AUSTIN, Texas (ChurchMilitant.com) - Texas' top justice official is telling religious schools the state's Wuhan virus restrictions do not apply to them.
In a July 17 letter, Attorney General Ken Paxton reminded "religious private schools" that pandemic-related recommendations from the Texas Education Agency (TEA), as well as guidelines from local health officials, only apply to nonreligious schools.
"Under the governor's orders, local governments are prohibited from closing religious institutions or dictating mitigation strategies to those institutions," Paxton wrote.
Then he addressed any orders public health officials might issue.
"Local public health orders attempting to restrict the provision of religious instruction through religious private schools violate the United States and Texas Constitutions and the Texas Religious Freedom Restoration Act," confirmed the attorney general.
Restrictions on reopening schools were issued by TEA the same day Paxton issued his clarification about how public schools can safely open for in-person instruction this fall.
Though TEA's jurisdiction does not extend to religious schools, the agency recommended that "all school system leaders should do everything feasible" to keep school communities safe. Local public health officials from various cities also issued restrictions limiting in-person instruction in private and public schools.
Paxton took the opportunity to encourage religious institutions, writing: "Religious education is vital to many faiths practiced in the United States."
Specifically addressing Catholicism, Paxton invoked the Catechism and noted that "[i]n the Catholic tradition, religious education is 'intimately bound up with the whole of the Church's life.'"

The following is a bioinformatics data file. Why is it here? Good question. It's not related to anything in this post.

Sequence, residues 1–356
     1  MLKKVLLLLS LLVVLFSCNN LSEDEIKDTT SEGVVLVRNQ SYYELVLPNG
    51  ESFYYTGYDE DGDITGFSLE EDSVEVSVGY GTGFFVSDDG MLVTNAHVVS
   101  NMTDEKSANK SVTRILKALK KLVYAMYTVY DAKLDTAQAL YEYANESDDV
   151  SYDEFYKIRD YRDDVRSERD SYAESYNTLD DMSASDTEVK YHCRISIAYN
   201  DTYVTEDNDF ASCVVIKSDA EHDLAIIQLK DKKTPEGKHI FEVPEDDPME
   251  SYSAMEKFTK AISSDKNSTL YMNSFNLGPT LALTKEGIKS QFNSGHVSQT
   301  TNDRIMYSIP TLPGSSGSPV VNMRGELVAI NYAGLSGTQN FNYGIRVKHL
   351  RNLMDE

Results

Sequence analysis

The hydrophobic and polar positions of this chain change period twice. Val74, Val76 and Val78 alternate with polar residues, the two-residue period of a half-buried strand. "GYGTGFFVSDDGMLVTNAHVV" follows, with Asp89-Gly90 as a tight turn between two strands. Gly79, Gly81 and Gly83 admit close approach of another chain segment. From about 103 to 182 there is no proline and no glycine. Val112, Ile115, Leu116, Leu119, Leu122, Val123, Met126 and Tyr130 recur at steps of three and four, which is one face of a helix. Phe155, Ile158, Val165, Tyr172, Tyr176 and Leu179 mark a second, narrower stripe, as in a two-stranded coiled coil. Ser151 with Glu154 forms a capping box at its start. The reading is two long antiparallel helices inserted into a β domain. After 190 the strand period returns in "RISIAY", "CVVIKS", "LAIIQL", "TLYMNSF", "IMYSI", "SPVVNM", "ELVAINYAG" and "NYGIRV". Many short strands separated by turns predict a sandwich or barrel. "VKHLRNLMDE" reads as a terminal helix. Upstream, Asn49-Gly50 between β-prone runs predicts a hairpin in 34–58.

He also pointed out the Church's role in establishing many of the nation's educational institutions and referenced a case involving a Texas religious school.
"[I]n recent years, non-denominational Christian schools have proliferated with the aim of inculcating biblical values in their students. Many such schools expressly set themselves apart from public schools that they believe do not reflect their values," Paxton quoted.
In Texas, it appears evangelical Christian schools are more likely to be open than Catholic schools. Fort Worth Christian School, a 60-year-old private school in the suburbs, announced on its website: "Smart Start. In Person. August 12." Likewise, Prestonwood Christian Academy, one of the largest Baptist schools in the Dallas area will also "open both campuses, August 19."
St. Mark's School of Texas (Episcopal), one of the most prestigious schools in the state, is seemingly ignoring Paxton's letter. In its biweekly update, the school says it will delay its opening until Sept. 8, based on orders from the Dallas County Department of Health and Human Services.
The diocese of Dallas Catholic Schools' website offers no information about its plans for the fall. The diocese of Galveston-Houston's website includes a menu option for its schools which boldly reassures visitors, "Catholic schools are responding to COVID-19. We are actively responding to the immediate and long-term needs of our Catholic schools. Your gift makes a difference." The site then provides a "Donate Now" button. But there's no specific information about when schools will open.
Schools in the diocese of Amarillo, however, will be ready and open for business for the fall. According to its website: "The plan is that for the first time since March 13, Catholic school students in the diocese of Amarillo will be in their classrooms for the first day of classes for the 2020–2021 school year on Monday, Aug. 17."
Liberty University in Lynchburg, Virginia remained open through the spring and summer semesters and will also be open this fall for on-campus classes. On July 15, the university founded by Jerry Falwell announced it was suing for defamation the New York Times, one of its reporters and a photographer. Its suit claims the newspaper "intentionally misrepresented" how the Wuhan pandemic impacted the campus.